Suppose we altered our basic open-collector inverter circuit, adding a second input terminal just like

the first:

A two-input inverter circuit


This schematic illustrates a real circuit, but it isn't called a "two-input inverter." Through

analysis we will discover what this circuit's logic function is and correspondingly what it should be

designated as.

Just as in the case of the inverter and bu®er, the "steering" diode cluster marked "Q1" is actually

formed like a transistor, even though it isn't used in any amplifying capacity. Unfortunately, a simple

NPN transistor structure is inadequate to simulate the three PN junctions necessary in this diode

network, so a di®erent transistor (and symbol) is needed. This transistor has one collector, one base,

and two emitters, and in the circuit it looks like this:

In the single-input (inverter) circuit, grounding the input resulted in an output that assumed the

"high" (1) state. In the case of the open-collector output con¯guration, this "high" state was simply

"°oating." Allowing the input to °oat (or be connected to Vcc) resulted in the output becoming

grounded, which is the "low" or 0 state. Thus, a 1 in resulted in a 0 out, and visa-versa.

Since this circuit bears so much resemblance to the simple inverter circuit, the only di®erence

being a second input terminal connected in the same way to the base of transistor Q2, we can say

that each of the inputs will have the same e®ect on the output. Namely, if either of the inputs are

grounded, transistor Q2 will be forced into a condition of cuto®, thus turning Q3 o® and °oating the

output (output goes "high"). The following series of illustrations shows this for three input states

(00, 01, and 10):

InputA =0

InputB =0

Output =1

InputA =0

InputB =1

Output =1

InputA =1

InputB =0

Output =1

In any case where there is a grounded ("low") input, the output is guaranteed to be °oating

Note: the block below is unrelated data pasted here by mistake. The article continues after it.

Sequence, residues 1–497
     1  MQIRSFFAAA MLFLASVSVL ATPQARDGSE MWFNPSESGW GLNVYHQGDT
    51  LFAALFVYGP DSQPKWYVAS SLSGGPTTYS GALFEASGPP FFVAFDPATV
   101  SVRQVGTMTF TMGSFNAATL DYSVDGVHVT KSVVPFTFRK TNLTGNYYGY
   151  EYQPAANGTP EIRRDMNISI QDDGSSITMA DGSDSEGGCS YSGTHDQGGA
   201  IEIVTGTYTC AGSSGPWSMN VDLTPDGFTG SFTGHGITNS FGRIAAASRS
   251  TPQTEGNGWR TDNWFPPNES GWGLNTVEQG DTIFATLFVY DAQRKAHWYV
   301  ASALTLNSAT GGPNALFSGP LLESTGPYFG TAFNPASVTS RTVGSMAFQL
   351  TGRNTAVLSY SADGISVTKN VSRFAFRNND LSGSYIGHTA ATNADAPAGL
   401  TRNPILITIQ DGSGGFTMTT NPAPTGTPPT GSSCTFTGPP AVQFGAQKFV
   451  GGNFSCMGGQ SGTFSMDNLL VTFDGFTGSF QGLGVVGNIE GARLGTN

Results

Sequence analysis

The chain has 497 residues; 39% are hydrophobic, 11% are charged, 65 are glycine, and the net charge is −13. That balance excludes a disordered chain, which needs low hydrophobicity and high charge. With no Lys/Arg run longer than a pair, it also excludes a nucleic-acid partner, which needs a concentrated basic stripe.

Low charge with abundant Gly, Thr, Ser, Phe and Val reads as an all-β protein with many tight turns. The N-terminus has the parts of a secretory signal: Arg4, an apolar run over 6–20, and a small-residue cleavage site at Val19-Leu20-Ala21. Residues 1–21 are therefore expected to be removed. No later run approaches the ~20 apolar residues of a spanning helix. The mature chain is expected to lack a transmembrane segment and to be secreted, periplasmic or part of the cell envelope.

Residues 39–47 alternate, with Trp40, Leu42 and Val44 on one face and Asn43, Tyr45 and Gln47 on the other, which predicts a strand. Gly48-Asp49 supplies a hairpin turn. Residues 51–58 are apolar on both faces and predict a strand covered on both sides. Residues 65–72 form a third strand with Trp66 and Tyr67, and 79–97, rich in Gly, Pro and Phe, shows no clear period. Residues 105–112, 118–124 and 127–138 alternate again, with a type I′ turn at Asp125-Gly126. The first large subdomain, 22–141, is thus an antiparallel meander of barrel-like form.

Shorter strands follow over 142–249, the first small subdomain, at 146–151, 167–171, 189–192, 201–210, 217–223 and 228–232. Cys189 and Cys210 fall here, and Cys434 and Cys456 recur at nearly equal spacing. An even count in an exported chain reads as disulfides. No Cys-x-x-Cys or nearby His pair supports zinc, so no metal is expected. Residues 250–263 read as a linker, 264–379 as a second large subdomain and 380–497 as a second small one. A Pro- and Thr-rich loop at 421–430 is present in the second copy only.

("high"). Conversely, the only time the output will ever go "low" is if transistor Q3 turns on, which

means transistor Q2 must be turned on (saturated), which means neither input can be diverting R1

current away from the base of Q2. The only condition that will satisfy this requirement is when

both inputs are "high" (1):

InputA =1

InputB =1

Output = 0

Collecting and tabulating these results into a truth table, we see that the pattern matches that

of the NAND gate:

In the earlier section on NAND gates, this type of gate was created by taking an AND gate  and increasing its complexity by adding an inverter (NOT gate) to the output. However, when we examine this circuit, we see that the NAND function is actually the simplest, most natural mode of  operation for this TTL design. To create an AND function using TTL circuitry, we need to increase  the complexity of this circuit by adding an inverter stage to the output, just like we had to add an  additional transistor stage to the TTL inverter circuit to turn it into a buffer:

The truth table and equivalent gate circuit (an inverted-output NAND gate) are shown here:

Of course, both NAND and AND gate circuits may be designed with totem-pole output stages

rather than open-collector. I am opting to show the open-collector versions for the sake of simplicity.

Keywords : Logic-gates, Digital, Logic, Electronic, Bolean, Algebra, Gates, 2input, TTL NAND And AND Gates
Writer : delon  |
15 Jul 2006 Sat   
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